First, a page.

I received the following question: “I have read the sutras by Edwin Bryant and there is a concept that I don’t get. How can the individual soul, atman, be differentiated from another one, if the two beings were both illuminated? It seems to me that souls are distinguishable because of the imprints (karmasaya) they carry from life to life. Do the souls of jivanmukta “blend” together in some kind of cosmic Soul?”
A video in which Gregor talks about the relationship between asana, pranayama and meditation on one hand, and objective and objectless samadhi on the other. He puts this in context with the panchakosha doctrine of the Upanishads and the concepts of conditioning and subconscious imprint as described in Patanjali’s Yoga Sutra. Discussed is also the influence of mind and ego on transformative states.
Have you ever noticed how even exulted meditative experiences can quickly decay into tamasic (dull) or rajasic (frantic) states of mind? This is because your predominant conditioning (vasana) consisting of millions of subconscious imprints (samskaras) does not simply go away by you thinking good thoughts or superimposing a layer of meditative experiences onto it.
Practising with devotion also means that our practice is performed with an attitude of prayer. Asana practice truly should be prayer-in-motion. Once we become aware of the fact that our life is nothing but a cosmic intelligence enacting itself through. With this awareness then we can surrender to the breath and find that the breath moves us and that we enact neither breath nor movement.
Patanjali says here that the mind waves will cease through the application of the combined means of practice and disidentification. The important word here is ‘and’, since the application of only one of the two leads into extremes of the mind. If we practise only, then we tend to develop beliefs like ‘Our practice is the only correct practice’, ‘Only Ashtanga Yoga is the correct yoga’, ‘Only Mysore style is the correct form for a yoga class’,…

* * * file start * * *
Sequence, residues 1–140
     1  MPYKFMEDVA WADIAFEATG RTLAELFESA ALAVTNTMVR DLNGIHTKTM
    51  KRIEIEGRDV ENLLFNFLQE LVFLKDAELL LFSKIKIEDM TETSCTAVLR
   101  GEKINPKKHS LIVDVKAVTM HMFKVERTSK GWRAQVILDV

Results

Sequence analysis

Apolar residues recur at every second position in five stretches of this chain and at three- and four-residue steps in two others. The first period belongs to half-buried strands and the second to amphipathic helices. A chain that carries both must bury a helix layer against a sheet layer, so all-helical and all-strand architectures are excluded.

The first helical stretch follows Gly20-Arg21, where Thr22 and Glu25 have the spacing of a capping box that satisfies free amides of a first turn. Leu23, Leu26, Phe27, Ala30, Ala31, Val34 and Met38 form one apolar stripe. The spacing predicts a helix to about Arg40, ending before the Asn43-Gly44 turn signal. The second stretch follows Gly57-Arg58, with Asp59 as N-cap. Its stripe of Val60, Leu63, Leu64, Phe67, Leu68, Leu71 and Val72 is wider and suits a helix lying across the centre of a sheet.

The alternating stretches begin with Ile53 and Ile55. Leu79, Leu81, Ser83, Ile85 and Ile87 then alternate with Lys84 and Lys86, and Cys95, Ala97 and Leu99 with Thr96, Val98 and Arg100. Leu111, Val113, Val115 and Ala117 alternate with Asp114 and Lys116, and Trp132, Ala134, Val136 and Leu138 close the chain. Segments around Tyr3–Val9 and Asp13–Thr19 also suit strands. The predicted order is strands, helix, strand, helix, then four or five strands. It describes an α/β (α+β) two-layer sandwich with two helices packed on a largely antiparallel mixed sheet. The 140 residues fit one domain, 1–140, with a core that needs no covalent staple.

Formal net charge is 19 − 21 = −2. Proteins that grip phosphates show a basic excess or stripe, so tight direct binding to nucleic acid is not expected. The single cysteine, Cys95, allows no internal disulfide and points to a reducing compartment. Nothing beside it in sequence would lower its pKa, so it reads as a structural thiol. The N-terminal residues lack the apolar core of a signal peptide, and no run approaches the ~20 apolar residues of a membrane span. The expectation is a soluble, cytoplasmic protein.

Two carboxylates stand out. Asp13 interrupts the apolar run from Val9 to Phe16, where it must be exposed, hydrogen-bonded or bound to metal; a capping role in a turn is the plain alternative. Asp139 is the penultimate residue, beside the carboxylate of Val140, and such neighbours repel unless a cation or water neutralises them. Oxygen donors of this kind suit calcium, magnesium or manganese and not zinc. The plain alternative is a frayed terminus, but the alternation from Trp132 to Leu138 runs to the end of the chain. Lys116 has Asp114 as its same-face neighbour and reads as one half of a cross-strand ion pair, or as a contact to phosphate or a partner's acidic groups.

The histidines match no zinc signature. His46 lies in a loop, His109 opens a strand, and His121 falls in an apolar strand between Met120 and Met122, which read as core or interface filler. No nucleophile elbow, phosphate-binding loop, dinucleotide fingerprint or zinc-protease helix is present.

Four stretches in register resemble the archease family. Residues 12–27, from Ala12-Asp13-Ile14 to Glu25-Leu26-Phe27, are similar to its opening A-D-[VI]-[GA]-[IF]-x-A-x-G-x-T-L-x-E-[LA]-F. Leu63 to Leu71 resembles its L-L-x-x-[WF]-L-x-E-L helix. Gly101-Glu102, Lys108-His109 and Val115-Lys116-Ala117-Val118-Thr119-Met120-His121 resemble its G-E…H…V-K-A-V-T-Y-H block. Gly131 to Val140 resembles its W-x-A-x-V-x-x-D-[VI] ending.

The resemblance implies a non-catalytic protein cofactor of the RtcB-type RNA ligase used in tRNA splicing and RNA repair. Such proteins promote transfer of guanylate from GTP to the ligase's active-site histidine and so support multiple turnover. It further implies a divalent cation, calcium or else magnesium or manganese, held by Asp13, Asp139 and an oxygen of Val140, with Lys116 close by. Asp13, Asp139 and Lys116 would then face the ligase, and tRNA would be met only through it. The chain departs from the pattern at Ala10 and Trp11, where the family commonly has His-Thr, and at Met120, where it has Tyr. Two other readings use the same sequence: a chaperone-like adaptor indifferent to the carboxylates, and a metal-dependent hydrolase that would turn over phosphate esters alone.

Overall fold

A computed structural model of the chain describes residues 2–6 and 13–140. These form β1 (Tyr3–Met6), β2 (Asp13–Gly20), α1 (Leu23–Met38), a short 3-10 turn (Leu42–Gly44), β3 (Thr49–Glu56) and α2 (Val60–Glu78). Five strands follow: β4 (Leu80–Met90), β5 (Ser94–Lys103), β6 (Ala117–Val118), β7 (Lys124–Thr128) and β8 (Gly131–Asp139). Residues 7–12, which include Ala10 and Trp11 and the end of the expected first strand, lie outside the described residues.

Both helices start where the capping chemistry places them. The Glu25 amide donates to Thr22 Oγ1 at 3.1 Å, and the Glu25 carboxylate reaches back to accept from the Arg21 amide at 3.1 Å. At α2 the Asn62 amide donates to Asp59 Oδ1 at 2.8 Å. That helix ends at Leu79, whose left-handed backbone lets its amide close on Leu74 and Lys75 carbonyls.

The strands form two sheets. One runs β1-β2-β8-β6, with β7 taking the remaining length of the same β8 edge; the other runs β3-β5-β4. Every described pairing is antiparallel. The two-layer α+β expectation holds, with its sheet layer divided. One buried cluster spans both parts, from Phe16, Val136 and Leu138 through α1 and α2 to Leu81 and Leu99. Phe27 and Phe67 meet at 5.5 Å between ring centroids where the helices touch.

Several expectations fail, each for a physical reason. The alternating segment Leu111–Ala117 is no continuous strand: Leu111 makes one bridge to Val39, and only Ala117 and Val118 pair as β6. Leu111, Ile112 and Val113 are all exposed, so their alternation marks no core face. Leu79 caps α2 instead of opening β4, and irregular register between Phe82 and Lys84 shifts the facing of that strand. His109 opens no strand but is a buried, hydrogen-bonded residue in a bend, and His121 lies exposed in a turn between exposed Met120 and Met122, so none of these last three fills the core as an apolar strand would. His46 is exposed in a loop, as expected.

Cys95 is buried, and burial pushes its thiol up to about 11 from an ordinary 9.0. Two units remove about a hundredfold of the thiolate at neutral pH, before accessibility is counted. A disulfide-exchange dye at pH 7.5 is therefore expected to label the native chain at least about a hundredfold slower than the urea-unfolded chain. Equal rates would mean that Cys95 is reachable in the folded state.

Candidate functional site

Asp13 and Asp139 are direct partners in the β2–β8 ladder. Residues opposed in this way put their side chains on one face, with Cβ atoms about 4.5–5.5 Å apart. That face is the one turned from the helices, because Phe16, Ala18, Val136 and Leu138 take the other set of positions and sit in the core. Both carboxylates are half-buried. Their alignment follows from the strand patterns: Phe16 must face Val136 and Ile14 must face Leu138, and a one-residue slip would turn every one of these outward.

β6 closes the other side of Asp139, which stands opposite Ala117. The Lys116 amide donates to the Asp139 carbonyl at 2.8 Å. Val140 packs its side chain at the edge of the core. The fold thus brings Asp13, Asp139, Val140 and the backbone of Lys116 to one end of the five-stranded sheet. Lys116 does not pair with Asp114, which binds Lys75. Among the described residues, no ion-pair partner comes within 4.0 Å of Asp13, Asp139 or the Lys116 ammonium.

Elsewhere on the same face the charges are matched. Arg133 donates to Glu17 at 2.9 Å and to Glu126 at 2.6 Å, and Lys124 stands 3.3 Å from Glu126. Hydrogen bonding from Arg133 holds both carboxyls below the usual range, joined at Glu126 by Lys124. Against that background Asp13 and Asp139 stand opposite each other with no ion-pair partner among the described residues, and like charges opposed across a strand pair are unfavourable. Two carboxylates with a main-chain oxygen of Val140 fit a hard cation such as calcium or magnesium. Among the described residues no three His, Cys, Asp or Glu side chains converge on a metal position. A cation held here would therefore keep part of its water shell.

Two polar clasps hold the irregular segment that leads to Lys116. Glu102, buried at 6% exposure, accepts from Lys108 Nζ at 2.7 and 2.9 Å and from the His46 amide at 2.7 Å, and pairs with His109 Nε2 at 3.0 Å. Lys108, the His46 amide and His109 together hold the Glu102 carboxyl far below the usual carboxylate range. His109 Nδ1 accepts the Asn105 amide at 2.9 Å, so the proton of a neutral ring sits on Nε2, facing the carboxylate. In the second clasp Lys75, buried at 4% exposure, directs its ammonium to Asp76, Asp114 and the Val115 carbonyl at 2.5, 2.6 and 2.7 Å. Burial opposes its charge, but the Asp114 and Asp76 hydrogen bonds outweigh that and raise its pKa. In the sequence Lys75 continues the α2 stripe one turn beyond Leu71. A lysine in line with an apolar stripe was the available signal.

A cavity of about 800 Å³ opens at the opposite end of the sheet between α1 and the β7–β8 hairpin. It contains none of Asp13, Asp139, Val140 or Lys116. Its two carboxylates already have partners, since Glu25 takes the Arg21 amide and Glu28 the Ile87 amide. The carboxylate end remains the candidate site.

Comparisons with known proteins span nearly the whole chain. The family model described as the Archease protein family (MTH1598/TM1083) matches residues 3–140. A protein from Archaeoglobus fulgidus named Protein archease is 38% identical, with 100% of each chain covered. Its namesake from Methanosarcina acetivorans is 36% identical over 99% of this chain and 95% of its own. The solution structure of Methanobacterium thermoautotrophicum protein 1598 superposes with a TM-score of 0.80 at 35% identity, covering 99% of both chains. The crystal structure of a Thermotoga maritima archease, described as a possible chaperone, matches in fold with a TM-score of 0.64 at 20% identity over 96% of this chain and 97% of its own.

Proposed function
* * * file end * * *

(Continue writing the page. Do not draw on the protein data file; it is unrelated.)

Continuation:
The term “yoga” etymologically can be derived from two different Sanskrit roots. Each root assigns completely different meanings to the term. One of the meanings is predominantly used in the system of Vedanta, the other in the historical school of yoga, called Yoga Darshana. But which meaning is the one that the school of yoga assigns to its own name?
Not untimely for our current global situation our humble Shalabhasana teaches us about the significance of the yoga of hatred (Krodha Yoga) and the yoga of love (Bhakti Yoga). Although sharing the same destination, they couldn’t be more different in regards to the type of passage that they provide. Both these yogas are the driving forces behind the main characters in India’s three great epics and tales, the Ramayana, Mahabharata and Bhagavata Purana, which although ancient stories contain characters all too similar to contemporary ones. For those of you who savor Indian myth, this is one of its spiciest legends and one of my favorites.